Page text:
(stating a complaint may not be dismissed by raising sua sponte an [affirmative defense]
that was neither patently clear from the face of the complaint nor rooted in adequately
developed facts). Here, the court could clearly recognize the defense of res judicata
from Appellants complaint. The court was familiar with the First Suit and did not need
to have additional facts to address res judicata. See Arizona v. California, 530 U.S. 392,
412 (2000) ([I]f a court is on notice that it has previously decided the issue presented,
the court may dismiss the action sua sponte, even though the defense has not been raised.
This result is fully consistent with the policies underlying res judicata: it is not based
solely on the defendants interest in avoiding the burdens of twice defending a suit, but is
also based on the avoidance of unnecessary judicial waste.).

the merits; (2) the parties [are] identical or in privity; (3) the suit [is] based on the same
cause of action; and (4) the [Appellants have] had a full and fair opportunity to litigate
the claim in the prior suit. Id.
The first two elements are satisfied. The court entered a final judgment against
Appellants for failing to state a claim in the First Suit, and the parties in the two suits are
As to the third element, we apply a transactional approach to determine whether
the two suits are based on the same claim. See id. at 1169. Under the transactional
approach, a claim arising out of the same transaction, or series of connected transactions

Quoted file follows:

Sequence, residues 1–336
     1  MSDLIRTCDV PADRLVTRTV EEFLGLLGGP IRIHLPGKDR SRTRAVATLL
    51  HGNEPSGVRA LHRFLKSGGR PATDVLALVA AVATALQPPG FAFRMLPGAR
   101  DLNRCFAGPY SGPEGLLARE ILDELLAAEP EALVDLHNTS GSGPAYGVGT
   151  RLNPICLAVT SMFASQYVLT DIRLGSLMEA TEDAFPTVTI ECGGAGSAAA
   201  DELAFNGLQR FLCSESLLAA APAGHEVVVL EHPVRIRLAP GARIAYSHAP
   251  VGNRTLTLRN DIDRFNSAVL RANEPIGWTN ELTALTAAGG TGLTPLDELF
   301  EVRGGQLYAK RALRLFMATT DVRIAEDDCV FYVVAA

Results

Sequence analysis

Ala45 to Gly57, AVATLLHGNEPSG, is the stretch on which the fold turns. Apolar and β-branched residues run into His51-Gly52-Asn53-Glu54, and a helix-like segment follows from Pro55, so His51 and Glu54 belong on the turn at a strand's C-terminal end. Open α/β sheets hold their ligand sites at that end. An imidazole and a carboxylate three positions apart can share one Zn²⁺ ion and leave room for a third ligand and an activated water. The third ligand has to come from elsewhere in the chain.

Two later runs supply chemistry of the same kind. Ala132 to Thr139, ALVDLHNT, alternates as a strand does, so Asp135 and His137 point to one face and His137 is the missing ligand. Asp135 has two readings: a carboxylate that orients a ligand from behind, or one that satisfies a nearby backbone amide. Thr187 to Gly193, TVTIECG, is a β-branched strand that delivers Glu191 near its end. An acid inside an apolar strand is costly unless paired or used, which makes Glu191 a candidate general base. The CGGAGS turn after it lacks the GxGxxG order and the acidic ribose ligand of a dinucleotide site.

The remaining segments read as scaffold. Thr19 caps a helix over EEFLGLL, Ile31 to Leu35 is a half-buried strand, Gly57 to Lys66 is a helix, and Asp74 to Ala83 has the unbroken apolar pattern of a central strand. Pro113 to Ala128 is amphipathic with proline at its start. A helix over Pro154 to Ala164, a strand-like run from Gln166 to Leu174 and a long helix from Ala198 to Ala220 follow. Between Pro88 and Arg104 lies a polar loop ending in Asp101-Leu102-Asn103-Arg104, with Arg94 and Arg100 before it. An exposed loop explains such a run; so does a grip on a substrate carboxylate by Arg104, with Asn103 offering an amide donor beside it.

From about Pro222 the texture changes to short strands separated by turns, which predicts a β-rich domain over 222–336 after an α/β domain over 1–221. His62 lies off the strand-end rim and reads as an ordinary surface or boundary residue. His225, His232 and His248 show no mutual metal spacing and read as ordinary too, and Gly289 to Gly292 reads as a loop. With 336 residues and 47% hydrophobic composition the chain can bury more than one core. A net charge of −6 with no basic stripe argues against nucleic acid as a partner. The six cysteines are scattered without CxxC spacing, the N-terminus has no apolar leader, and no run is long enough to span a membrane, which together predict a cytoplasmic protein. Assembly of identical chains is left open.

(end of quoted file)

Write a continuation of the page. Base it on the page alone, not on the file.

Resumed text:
as a previous suit, which concluded in a valid and final judgment, will be precluded.
Yapp v. Excel Corp., 186 F.3d 1222, 1227 (10th Cir. 1999); see also Plotner, 224 F.3d at
1169 ([A] cause of action includes all claims or legal theories of recovery that arise from
the same transaction, event, or occurrence. (quotations omitted)).
In the First Suit, Appellants brought a RICO claim alleging Appellees falsely
claimed a security interest on Appellants home and that Appellees sought payment based
on a mortgage on Appellants home. In the Second Suit, Appellants alleged Appellees
violated TILA in connection with the same mortgage. Appellants argue the two suits are
not the same because Appellants did not raise any TILA claims in the First Suit. But both
suits involve the same mortgage, and Appellants could have brought the TILA claim
when they alleged the RICO claim. Appellants do not argue they lacked facts needed to
raise the TILA claim in the First Suit. Thus, because both suits involve a transaction
regarding the same mortgage and no additional facts were needed to bring the TILA

claim, the third res judicata element is satisfied.

As to the fourth element, we focus on whether there were significant procedural
limitations in the prior proceeding, whether the party had the incentive to litigate fully the
issue, or whether effective litigation was limited by the nature or relationship of the
parties. SIL-FLO, Inc. v. SFHC, Inc., 917 F.2d 1507, 1521 (10th Cir. 1990). Appellants